Teen girls in the media

May 14, 2008 12:00:00 AM PDT
Solutions and strategies for parents explaining the depiction of teen girls in the media.

Author and coach Courtney Macavinta is founder of RespectRx.com which empowers girls, women and their advocates through blogs, workshops, and her best-selling book for teen girls, RESPECT.

Buy the book on Amazon: Respect: A Girl's Guide to Getting Respect & Dealing When Your Line Is Crossed

Courntey Macavinta's tips for talking to your teen about girls in the media:

Miley Cyrus' sexy Vanity Fair photo shoot and her subsequent offer from Playboy are on the tips of collective tongues everywhere. Add in the sexy new Gossip Girl ad currently making waves--and the trend of disturbing girl fight videos being posted on the web--and it's no wonder that many parents are obviously concerned about how their daughters are being influenced by these media blasts and celebrity role models. Here are some tips to deal with the issue and make the most of media "buzz" moments to learn more about your daughter and the culture she's living in:

* Step No. 1: Get primed on girl culture

Be aware of the media hype and sexy sensationalism that your daughters are marinating in everyday and everywhere! Accept that girls are going to be exposed to media no matter what controls you put in place. The key is staying on top of their media "diet" by checking out the blogs, web sites, magazines, TV shows and films that girls-or their friends-are obsessed with so you are informed enough to have honest conversations with them about hot topics.

* Step No. 2: Chat about hot topics

Parents can use media buzz moments like the Miley Cyrus photo controversy to have honest conversations with their daughters about their celebrity role models and how they feel media is affecting them-or not. If you really want to know how media and advertising and online social networks are influencing their daughters, ask open, non-judgmental questions like:

  • What did you think about the Miley Cyrus photos?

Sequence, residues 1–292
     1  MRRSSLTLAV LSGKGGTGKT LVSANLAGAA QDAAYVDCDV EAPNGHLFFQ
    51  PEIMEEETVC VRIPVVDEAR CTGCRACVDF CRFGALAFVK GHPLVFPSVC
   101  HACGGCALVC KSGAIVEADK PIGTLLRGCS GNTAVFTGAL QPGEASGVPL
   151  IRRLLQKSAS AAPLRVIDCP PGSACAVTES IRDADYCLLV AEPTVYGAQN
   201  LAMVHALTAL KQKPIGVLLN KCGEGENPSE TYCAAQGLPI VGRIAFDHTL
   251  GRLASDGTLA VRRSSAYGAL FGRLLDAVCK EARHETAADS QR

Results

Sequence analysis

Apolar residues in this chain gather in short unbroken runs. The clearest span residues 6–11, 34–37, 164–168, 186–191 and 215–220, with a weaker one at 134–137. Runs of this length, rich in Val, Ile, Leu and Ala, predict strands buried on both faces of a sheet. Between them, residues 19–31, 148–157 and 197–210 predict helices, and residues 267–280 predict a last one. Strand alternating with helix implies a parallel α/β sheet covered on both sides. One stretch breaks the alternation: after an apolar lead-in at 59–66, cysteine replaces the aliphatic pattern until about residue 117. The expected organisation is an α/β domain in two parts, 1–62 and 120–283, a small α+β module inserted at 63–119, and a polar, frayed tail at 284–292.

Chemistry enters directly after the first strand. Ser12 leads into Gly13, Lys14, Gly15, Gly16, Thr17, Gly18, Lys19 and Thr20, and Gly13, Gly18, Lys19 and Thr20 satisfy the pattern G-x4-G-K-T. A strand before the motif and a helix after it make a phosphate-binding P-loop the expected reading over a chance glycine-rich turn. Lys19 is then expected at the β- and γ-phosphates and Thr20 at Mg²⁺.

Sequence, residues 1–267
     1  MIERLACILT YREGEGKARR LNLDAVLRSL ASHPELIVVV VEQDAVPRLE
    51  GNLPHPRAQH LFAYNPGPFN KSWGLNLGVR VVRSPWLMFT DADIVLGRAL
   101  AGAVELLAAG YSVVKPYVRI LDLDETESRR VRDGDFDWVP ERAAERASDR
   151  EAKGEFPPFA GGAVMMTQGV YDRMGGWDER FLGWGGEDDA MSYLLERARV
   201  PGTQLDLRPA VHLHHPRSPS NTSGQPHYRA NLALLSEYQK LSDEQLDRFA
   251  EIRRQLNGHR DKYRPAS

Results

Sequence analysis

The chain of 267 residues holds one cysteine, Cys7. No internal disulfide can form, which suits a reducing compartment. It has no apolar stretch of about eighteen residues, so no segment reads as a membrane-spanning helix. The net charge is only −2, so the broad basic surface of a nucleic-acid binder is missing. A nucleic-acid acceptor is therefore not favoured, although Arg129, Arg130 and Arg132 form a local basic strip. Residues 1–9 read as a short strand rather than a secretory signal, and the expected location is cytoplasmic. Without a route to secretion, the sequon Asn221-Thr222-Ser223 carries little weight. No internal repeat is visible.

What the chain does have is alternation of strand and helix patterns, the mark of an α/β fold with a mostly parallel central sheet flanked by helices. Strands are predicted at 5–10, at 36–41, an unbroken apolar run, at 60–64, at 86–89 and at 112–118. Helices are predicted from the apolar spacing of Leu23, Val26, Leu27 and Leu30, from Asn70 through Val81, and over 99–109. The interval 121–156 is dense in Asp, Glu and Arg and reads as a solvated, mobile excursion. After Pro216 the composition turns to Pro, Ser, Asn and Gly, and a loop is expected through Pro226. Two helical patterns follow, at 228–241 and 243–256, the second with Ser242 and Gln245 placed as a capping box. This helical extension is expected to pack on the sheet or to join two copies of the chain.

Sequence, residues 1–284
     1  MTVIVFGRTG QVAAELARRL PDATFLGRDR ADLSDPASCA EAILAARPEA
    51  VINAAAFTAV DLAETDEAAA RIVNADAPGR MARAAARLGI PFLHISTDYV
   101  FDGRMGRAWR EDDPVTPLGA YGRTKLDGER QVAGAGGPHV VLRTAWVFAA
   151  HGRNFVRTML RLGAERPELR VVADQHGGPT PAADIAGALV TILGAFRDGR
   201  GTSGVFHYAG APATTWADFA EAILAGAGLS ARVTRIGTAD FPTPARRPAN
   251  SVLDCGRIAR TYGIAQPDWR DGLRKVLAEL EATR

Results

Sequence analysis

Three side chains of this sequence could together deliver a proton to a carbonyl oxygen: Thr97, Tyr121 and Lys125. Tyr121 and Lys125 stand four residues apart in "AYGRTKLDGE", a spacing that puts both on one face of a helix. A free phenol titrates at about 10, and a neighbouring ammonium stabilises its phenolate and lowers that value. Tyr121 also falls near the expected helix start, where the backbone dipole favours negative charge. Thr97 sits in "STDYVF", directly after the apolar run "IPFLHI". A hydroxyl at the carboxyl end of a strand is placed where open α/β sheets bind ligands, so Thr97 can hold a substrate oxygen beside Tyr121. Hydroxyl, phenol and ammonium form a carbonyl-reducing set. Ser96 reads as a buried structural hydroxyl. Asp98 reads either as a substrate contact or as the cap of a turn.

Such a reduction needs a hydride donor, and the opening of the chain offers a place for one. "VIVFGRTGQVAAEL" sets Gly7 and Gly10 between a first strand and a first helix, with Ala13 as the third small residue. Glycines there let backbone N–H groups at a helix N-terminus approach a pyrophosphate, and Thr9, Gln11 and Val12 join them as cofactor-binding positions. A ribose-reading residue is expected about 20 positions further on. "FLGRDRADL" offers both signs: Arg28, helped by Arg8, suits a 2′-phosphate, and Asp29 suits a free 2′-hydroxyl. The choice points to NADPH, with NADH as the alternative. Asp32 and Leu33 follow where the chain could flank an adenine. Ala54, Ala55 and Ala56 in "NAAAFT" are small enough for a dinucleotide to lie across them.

• If you were in her shoes, what would you have done?
  • How do you feel about her now?
  • What do you think about the Gossip Girls ads?
  • What do you like or not like about that show?
  • What are some reasons you think girls would post fight videos on the web?
  • Does this happen with your friends, too?
  • How are you and your friends affected by all this stuff?

* Step No 3: Talk about role models

One role parents can play is to help girls dig deeper when it comes to who they idealize. Again, don't judge their role models; just ask juicy questions, like:

  • What do you love about (fill in the blank)?
  • What about her to do you admire?
  • Besides what she's famous for, what is she into or what does she do that you think is positive?
  • What kinds of things do you think should make women and girls famous or admired?
  • If every girl in the world were to look up to you as a role model, what would you want them to see about the real you?

* Step No. 4: Empower your daughter to create change

Girls are not blindly going for every advertising trick and media stunt they see. If they could have it their way, what would they be promoting when it comes to TV, magazines and the web? If they are turned off or annoyed by what they see, ask them:

  • What do you think causes (the problem they've identified)?
  • What are some ideas you have to change this?
  • What are some steps you can your friends could take to make a change?

* Step No. 5: Try not to overreact or judge

Many girls not only love media and entertainment, but take it one step further by creating it indie-style and aspiring to work in this field in the future. So if you "put down" their media, they might dismiss and shut you down. So respect and know that they are often just as concerned about the hot button issues as parent are these days. Try not to get too frustrated about "kids today" or focused on completely locking down their media access. Instead, keep asking powerful questions and listening to your daughter's point of view and ideas to make changes. She will feel more empowered, and you'll sleep better at night knowing that she is actively analyzing her world and learning about her likes and dislikes and wants to change.

For more tips, visit: www.respectrx.com


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